Positive and negative streamers in ambient air: modelling evolution and velocities

A. Luque, V. Ratushnaya, U.M. Ebert

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Abstract

We simulate short positive and negative streamers in air at standard temperature and pressure. First, double-headed streamers in homogeneous electric fields of 50 kV cm-1 are briefly studied, and then we analyse streamers that emerge from needle electrodes with voltages of 10–20 kV in more detail. The streamer velocity at a given streamer length depends only weakly on the initial ionization seed, except in the case of negative streamers in homogeneous fields. We characterize the streamer evolution by length, velocity, head radius, head charge and maximal field enhancement. We show that the velocity of positive streamers is determined mainly by their radius and in quantitative agreement with recent experimental results both for radius and velocity. The velocity of negative streamers is dominated by electron drift in the enhanced field; in the low local fields of the present simulations, it is little influenced by photo-ionization. Initially it is puzzling that negative streamers can be slower than positive ones under similar conditions, both in experiment and in simulation, as negative streamer fronts always move at least with the electron drift velocity in the local field. We argue that this drift motion broadens the streamer head, decreases the field enhancement and ultimately leads to slower propagation or even extinction of the negative streamer.
Original languageEnglish
Pages (from-to)234005-1/11
Number of pages11
JournalJournal of Physics D: Applied Physics
Volume41
Issue number23
DOIs
Publication statusPublished - 2008

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air
Air
radii
Photoionization
Electrons
augmentation
needles
Needles
Ionization
Seed
photoionization
seeds
extinction
electrons
simulation
Electric fields
ionization
Electrodes
electrodes
propagation

Cite this

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title = "Positive and negative streamers in ambient air: modelling evolution and velocities",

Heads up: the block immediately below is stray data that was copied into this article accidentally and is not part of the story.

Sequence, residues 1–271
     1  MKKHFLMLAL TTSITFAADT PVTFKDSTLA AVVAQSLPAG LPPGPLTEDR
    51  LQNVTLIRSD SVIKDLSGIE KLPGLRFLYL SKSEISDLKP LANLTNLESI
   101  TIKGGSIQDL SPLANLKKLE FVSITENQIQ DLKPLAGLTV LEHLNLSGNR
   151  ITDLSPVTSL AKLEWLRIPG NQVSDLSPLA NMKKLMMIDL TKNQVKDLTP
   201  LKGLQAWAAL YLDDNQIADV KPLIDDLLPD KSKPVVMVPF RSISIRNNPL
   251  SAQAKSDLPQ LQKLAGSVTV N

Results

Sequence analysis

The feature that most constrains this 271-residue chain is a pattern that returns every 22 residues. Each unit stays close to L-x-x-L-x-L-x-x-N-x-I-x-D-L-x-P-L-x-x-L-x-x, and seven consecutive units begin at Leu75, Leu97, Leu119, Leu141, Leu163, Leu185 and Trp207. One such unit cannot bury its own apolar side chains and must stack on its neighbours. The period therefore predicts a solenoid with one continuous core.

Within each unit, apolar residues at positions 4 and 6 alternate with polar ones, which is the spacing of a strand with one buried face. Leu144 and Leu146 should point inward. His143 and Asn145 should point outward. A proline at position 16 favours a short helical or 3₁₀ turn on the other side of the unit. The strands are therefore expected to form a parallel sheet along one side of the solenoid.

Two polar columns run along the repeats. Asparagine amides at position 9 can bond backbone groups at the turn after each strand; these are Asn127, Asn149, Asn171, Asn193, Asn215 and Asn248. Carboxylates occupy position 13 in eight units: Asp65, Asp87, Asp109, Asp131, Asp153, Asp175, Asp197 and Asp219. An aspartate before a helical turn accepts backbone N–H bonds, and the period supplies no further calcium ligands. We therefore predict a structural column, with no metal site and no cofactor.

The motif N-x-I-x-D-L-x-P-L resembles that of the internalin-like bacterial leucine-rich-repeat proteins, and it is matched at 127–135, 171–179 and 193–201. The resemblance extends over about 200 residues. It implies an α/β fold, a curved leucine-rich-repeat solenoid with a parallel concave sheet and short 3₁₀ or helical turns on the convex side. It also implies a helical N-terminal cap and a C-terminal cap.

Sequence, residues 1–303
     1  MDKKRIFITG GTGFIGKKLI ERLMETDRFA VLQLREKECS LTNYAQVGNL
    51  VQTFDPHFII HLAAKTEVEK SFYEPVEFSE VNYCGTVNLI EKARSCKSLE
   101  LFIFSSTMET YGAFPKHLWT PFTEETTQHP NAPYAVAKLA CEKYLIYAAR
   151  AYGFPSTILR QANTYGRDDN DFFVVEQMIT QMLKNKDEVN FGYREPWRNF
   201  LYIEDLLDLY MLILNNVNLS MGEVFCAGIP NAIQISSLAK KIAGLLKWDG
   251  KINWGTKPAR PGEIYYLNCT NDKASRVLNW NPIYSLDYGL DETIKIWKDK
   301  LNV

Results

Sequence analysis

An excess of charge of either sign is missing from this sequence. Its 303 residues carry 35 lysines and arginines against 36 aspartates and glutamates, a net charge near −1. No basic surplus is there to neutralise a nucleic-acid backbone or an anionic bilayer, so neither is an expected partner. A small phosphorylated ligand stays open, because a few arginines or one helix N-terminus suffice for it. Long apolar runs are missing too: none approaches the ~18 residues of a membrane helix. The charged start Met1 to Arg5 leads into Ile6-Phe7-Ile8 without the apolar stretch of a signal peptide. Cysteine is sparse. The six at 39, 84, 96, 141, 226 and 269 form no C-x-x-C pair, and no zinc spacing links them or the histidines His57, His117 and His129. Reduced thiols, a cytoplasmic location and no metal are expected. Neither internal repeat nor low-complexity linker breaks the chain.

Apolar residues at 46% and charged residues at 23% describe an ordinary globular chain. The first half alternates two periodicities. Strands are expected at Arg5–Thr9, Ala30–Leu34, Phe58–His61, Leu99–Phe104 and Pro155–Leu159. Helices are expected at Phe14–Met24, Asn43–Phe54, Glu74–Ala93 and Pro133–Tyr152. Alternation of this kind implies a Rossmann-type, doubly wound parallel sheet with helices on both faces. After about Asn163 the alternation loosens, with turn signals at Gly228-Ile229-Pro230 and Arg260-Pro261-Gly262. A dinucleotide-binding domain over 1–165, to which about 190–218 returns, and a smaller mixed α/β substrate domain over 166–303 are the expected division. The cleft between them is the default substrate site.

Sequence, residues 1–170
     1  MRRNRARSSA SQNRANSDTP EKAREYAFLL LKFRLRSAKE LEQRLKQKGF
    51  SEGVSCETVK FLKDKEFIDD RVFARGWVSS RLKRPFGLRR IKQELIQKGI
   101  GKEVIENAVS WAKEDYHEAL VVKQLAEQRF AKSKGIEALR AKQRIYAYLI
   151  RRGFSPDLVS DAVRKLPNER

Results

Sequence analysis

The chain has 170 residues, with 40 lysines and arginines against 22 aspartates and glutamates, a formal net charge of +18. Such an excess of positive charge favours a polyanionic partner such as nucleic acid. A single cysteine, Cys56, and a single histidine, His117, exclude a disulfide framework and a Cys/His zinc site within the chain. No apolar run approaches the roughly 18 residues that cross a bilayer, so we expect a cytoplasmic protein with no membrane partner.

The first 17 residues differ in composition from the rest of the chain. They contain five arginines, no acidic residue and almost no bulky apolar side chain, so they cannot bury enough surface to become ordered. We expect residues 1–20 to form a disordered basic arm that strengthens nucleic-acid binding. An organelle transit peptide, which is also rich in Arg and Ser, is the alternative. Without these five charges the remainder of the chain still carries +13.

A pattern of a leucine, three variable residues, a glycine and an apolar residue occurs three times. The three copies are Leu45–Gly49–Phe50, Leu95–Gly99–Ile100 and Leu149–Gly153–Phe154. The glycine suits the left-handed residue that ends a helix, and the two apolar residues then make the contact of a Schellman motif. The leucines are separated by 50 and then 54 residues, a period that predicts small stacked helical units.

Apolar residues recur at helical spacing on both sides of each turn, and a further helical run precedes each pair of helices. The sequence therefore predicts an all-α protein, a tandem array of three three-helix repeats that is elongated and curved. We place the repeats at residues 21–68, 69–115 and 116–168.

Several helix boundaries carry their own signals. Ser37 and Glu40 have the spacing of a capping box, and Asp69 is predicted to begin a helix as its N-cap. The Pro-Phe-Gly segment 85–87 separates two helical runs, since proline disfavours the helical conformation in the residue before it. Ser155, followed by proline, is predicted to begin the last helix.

abstract = "We simulate short positive and negative streamers in air at standard temperature and pressure. First, double-headed streamers in homogeneous electric fields of 50 kV cm-1 are briefly studied, and then we analyse streamers that emerge from needle electrodes with voltages of 10–20 kV in more detail. The streamer velocity at a given streamer length depends only weakly on the initial ionization seed, except in the case of negative streamers in homogeneous fields. We characterize the streamer evolution by length, velocity, head radius, head charge and maximal field enhancement. We show that the velocity of positive streamers is determined mainly by their radius and in quantitative agreement with recent experimental results both for radius and velocity. The velocity of negative streamers is dominated by electron drift in the enhanced field; in the low local fields of the present simulations, it is little influenced by photo-ionization. Initially it is puzzling that negative streamers can be slower than positive ones under similar conditions, both in experiment and in simulation, as negative streamer fronts always move at least with the electron drift velocity in the local field. We argue that this drift motion broadens the streamer head, decreases the field enhancement and ultimately leads to slower propagation or even extinction of the negative streamer.",
author = "A. Luque and V. Ratushnaya and U.M. Ebert",
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pages = "234005--1/11",